Alleged Land Grabs and Governance: Exploring Mistrust and Trust in Northern Uganda – The Case of the Apaa Land Conflict

Lioba Lenhart

Institute of Peace and Strategic Studies, Gulu University, Uganda

 

 

Introduction

Rumours of land grabs by wealthy investors, well-connected political and military figures and government actors have been rife in northern Uganda since the late 1980s. The displacement of more than 90% of the Acholi population in camps for internally displaced people (IDP) between the mid-1990s and 2008, during the war between the Lord’s Resistance Army (LRA) and the Government of Uganda, is still seen by many as the beginning of an attempted land grab. Allocations of large areas of land in the post-war period, justified in the name of economic development, feed into a local paradigm of mistrust based on perceived oppression and exploitation by outsiders.

This paper examines the case of Apaa, a remote village on the fringes of the Acholi sub-region, and the scene of one of the innumerable land disputes afflicting northern Uganda since the return of the population from the camps. It looks at the recent evictions of people from Apaa by the Uganda Wildlife Authority (UWA) to explore how trust and mistrust interplay in the governance of conflicts over large-scale land acquisitions.

The Apaa conflict involves the local people, the UWA, security forces, national government, local councils, investors, politicians and powerful individuals. In the view of the local people, the area around Apaa is customary land and part of Amuru District, whereas the UWA argues that it is gazetted (state-owned) land that belongs to East Madi Wildlife Reserve in Adjumani District. The parties to the conflict have tried to solve the problem by providing maps to establish the exact boundary between the two districts, and thus to ascertain whether Apaa village is located within East Madi Wildlife Reserve or outside the conservation area.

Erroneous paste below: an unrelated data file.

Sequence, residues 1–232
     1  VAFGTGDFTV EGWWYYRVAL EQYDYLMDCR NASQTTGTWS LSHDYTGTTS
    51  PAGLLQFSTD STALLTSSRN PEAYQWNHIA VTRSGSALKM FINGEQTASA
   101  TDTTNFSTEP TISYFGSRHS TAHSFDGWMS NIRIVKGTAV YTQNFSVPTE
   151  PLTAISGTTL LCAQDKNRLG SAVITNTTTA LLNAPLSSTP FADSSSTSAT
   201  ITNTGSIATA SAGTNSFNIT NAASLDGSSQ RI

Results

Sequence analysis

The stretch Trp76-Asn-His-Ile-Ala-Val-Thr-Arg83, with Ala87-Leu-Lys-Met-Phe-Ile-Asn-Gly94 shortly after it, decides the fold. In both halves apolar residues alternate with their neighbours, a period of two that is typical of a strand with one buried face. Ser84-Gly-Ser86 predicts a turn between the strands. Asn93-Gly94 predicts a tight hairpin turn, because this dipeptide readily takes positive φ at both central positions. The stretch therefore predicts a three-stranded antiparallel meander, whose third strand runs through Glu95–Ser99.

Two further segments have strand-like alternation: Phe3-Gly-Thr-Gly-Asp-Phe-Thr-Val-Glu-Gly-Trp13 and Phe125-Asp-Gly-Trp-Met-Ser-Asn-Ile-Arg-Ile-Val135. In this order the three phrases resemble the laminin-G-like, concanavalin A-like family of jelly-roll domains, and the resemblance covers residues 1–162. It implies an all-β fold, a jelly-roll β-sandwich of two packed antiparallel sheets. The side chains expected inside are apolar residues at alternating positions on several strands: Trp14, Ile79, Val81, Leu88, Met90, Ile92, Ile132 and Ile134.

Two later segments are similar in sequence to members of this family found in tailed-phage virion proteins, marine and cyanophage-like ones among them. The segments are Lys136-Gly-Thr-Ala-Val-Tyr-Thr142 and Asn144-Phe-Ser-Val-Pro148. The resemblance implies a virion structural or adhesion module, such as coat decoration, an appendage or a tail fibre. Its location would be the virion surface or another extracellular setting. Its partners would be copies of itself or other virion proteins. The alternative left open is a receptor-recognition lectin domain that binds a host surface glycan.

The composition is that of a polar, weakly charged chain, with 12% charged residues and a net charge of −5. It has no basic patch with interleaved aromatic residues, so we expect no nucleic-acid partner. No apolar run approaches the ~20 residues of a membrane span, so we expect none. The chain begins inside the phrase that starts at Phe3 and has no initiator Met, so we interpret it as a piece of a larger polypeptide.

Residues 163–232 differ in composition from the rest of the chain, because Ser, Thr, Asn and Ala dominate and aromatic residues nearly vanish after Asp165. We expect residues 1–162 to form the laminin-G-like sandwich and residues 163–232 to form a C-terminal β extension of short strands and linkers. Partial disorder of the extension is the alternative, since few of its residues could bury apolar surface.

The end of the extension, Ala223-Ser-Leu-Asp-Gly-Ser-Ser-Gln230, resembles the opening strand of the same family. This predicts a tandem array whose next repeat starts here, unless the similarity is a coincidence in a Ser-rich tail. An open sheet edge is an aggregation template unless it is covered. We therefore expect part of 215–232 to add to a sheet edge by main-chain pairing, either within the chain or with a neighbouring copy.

However, this paper argues that the demarcation of the boundary can only be a first step in resolving the conflict, which is equally about issues of social belonging and identity associated with the land, and about landownership, livelihood security, wildlife protection, and investment for the development of northern Uganda. The conflict challenges institutional capability, and the greed of – and trust or mistrust in – individual, politically connected actors who claim to speak in the name of the community of Apaa and who have brought ethnic differences between Madi and Acholi into play, after decades of harmonious relations, and who have been widening the extent of the disagreement. The paper points to historical and recent political, economic and social divisions in the north of Uganda and across the whole country which underlie the conflict, and it questions whether or not large-scale land cases may also be promoting new alliances based on newly appreciated common interests.

The paper is based on a review of the literature on land conflicts in northern Uganda, daily newspapers reporting the Apaa issue and some interviews. Part 1 looks at the meaning of land for the Acholi people and different types of conflict over land in post-war northern Uganda. Part 2 describes the Apaa land conflict by highlighting the multiple and overlapping points of conflict raised by a range of different actors, the chronology of the conflict and attempts at conflict resolution. It further outlines the visible core problem of the disputed boundary and the underlying issues, i.e. whether to prioritise human livelihood security or protection of wildlife and investment for development, from the point of view of those involved, and looks at the growing ethnicisation of the conflict. Part 3 focuses on mistrust in the governance of the conflict by listening to local voices expressing perceived threats to their livelihood security and social belonging, which are discussed with reference to the concepts of risk, uncertainty and vulnerability and against the background of the political and economic framework conditions. Part 4 considers approaches and challenges to conflict resolution by reviewing the visible core problem, underlying causes and the effects of the conflict. In the conclusion the question is raised: Who benefits? >> View Full Text (PDF)